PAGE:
On January 6, 1941, President Franklin D. Roosevelt delivered the State of the Union Address to Congress amid a highly charged international political climate. Commonly known as the Four Freedoms speech, the address became a statement to the core values that distinguished America from fascist regimes during World War II. In his presentation, Roosevelt argued for the United States’ involvement in the war and its duty to continue support to Great Britain. The four freedoms — freedom of speech, freedom of worship, freedom from want, and freedom from fear, provided a common goal, a set of universal principles intended to galvanize support for intervention, and a reminder of the values that were at risk.1 The public was unenthusiastic, and for FDR’s critics, the speech wasn’t more than empty rhetoric.
A couple of years later, in 1943, American painter and illustrator, Norman Rockwell (b. New York, 1894—d. Massachusetts, 1978) embraced Roosevelt’s four freedoms as the subject of an artistic project published in four issues of the Saturday Evening Post. The Office of War Information organized a tour of the paintings throughout the United States, which raised more than $130 million in war bonds.2 The images, inspired by the values set forth in FDR’s speech, became ubiquitous; reproduced in magazines and displayed in public buildings, they became the visual representation of an idea that spoke directly to contemporary viewers. The paintings, which can be viewed at the Norman Rockwell Museum in Stockbridge, Massachusetts, effectively captured the historical moment. Engagement with art can manifest in many ways, and in a time when we are surrounded by visual stimuli, this may be particularly important in our quest to foster critical thinking.
Inspired by Rockwell’s paintings of Roosevelt’s Four Freedoms, contemporary artists Eric Gottesman (b. New Hampshire, 1976) and Hank Willis Thomas (b. New Jersey, 1976), founded For Freedoms, a platform for civic engagement through the arts. The project, which started in 2016 ahead of the presidential election, has galvanized a group of more than 200 established and emerging artists to create billboards with poignant messages throughout the country. More than 400 institutions are partnering with For Freedoms’ 50 State Initiative this year leading up to the midterm election. Museums, art centers, universities, and other institutions across the United States are taking part in this effort, which seeks to “use art to deepen public discussions on civic issues and core values and to advocate for equality, dialogue, and civic participation.”3 The strategy is working; students, faculty, and communities are coming together to debate the issues and create spaces for dialogue and discussion. Media outlets have covered the billboards and town halls (LA Weekly, Vanity Fair, Miami New Times, and CNN online, among others, have published articles on the project), and museums big and small are hosting activations (for a map indicating the location of activations visit https://forfreedoms.org/community/. In the context of the 50 State Initiative, art is intended as conversation; it is sometimes confrontational, sometimes ambiguous, and functions as a vehicle to consider current issues.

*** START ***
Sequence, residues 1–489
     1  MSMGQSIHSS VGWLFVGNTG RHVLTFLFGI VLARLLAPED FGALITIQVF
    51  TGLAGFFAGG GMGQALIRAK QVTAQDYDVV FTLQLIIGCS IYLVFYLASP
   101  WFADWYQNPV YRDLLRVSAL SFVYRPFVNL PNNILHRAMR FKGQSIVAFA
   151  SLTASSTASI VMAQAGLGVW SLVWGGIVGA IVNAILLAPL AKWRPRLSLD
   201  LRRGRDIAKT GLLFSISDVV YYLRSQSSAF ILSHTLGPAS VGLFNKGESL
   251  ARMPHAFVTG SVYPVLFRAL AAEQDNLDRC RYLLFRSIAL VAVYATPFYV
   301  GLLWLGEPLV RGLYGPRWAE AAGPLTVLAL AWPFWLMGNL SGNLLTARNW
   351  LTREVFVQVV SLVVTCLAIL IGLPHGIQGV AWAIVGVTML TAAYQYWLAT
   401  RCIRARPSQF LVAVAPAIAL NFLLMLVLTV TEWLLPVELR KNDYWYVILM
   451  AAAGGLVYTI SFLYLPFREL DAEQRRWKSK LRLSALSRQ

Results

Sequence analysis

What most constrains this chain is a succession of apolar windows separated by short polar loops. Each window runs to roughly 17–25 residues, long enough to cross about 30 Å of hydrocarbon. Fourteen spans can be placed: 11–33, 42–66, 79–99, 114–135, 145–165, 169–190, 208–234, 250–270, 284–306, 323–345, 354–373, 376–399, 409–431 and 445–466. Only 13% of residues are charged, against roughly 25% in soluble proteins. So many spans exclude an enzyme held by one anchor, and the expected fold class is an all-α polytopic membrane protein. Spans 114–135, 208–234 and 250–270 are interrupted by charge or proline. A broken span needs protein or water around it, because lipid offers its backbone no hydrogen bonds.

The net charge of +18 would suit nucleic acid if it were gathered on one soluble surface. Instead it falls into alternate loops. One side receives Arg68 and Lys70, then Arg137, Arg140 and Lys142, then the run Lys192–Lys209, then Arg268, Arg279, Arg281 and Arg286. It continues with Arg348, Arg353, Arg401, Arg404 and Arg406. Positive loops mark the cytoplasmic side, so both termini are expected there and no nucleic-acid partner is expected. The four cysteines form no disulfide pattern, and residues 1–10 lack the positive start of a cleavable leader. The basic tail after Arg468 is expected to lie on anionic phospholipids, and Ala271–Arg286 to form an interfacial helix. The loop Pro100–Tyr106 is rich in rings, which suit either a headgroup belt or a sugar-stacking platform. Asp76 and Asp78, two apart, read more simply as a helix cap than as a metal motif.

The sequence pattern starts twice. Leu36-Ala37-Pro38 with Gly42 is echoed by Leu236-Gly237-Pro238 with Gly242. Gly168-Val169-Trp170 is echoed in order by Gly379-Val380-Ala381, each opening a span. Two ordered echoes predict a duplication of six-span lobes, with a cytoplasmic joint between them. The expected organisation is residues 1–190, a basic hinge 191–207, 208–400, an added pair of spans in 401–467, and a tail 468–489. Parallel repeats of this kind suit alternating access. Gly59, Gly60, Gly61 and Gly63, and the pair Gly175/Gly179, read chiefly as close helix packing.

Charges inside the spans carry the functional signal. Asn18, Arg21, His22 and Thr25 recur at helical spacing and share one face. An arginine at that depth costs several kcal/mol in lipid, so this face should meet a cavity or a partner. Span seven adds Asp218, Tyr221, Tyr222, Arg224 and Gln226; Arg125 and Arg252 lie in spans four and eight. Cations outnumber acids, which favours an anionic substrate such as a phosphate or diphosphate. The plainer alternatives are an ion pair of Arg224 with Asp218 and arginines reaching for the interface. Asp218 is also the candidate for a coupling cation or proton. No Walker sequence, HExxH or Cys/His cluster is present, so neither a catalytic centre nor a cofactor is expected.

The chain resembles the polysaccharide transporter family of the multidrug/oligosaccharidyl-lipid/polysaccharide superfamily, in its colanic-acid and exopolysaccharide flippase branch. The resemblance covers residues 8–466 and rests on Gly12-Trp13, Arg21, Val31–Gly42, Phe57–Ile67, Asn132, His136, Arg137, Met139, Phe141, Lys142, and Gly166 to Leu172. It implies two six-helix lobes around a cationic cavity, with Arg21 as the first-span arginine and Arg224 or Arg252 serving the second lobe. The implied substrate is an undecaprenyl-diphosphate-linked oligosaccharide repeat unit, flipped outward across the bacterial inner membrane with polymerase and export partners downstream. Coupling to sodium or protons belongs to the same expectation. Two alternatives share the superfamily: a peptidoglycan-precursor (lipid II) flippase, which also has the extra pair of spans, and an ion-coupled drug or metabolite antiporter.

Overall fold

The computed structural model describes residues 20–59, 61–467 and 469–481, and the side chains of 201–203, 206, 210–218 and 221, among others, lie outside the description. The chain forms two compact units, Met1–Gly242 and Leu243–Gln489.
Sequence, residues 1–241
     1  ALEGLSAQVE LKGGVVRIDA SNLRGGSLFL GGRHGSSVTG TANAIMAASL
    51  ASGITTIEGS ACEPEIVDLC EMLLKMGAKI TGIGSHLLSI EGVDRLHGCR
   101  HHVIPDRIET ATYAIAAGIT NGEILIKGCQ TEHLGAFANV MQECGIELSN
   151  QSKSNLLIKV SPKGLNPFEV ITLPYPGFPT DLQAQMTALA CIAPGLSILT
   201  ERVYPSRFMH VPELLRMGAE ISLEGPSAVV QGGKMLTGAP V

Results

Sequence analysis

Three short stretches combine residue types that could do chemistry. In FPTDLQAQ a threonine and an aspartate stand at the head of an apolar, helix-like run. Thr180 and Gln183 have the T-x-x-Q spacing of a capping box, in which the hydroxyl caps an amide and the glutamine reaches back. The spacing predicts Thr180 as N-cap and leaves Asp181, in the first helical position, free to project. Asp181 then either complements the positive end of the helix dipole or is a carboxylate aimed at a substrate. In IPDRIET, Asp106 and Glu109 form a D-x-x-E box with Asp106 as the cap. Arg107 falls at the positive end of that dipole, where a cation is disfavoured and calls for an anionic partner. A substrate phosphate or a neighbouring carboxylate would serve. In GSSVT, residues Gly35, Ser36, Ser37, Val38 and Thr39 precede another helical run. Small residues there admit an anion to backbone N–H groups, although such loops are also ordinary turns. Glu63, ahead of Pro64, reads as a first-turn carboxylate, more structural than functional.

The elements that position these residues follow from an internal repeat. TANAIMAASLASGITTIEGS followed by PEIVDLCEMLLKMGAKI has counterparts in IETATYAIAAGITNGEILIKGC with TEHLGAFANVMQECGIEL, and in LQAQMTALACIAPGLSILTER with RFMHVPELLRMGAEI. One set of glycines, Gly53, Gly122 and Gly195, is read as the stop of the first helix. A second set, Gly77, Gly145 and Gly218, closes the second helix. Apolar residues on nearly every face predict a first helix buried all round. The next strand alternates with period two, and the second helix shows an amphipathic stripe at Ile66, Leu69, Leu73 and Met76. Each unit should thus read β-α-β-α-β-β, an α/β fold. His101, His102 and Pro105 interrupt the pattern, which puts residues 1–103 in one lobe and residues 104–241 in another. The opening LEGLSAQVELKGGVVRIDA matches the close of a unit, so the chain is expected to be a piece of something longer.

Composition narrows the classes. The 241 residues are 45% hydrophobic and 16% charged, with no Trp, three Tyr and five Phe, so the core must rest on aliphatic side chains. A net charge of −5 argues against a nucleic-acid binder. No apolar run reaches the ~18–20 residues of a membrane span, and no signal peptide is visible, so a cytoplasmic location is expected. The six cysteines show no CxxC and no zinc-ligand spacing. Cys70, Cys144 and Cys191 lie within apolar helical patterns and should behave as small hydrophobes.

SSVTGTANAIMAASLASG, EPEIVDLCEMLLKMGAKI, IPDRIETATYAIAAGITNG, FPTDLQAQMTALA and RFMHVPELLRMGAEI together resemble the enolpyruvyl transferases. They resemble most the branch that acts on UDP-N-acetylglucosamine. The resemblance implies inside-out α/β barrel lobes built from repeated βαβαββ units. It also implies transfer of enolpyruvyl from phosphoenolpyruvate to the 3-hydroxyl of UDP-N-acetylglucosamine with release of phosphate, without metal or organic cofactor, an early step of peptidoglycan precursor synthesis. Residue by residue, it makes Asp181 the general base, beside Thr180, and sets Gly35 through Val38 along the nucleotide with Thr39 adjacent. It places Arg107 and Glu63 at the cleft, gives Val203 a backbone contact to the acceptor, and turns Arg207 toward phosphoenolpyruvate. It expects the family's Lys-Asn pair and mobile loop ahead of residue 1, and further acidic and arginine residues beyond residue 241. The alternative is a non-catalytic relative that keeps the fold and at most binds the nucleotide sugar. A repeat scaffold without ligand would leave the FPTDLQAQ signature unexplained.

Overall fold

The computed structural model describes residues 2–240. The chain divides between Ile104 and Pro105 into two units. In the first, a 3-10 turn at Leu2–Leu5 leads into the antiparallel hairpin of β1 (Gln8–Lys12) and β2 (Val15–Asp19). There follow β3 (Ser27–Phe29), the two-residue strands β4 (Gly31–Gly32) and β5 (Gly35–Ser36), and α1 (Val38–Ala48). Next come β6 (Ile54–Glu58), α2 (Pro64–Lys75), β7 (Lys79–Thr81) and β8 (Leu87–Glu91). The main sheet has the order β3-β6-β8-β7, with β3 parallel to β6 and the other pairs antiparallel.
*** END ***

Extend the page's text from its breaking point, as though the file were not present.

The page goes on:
Talking about what it means for him to be involved in For Freedoms, Gottesman explains their strategy: “In our project together, For Freedoms, we claim democracy as our medium and the nation as our audience, and we appropriate the tools of political campaigns (billboards, election financing, media coverage, patriotic ephemera) unabashedly, perhaps even earnestly.4 In doing this, the artists become social agents whose platform is amplified beyond the art world.